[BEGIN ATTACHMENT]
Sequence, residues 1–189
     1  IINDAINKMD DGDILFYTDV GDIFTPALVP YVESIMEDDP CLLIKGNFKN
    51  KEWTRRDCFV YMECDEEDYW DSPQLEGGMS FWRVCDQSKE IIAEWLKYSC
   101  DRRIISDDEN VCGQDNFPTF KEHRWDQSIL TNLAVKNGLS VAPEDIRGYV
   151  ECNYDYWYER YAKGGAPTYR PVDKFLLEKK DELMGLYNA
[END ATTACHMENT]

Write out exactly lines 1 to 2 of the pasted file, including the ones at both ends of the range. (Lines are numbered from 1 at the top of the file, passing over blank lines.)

Sequence, residues 1–189
     1  IINDAINKMD DGDILFYTDV GDIFTPALVP YVESIMEDDP CLLIKGNFKN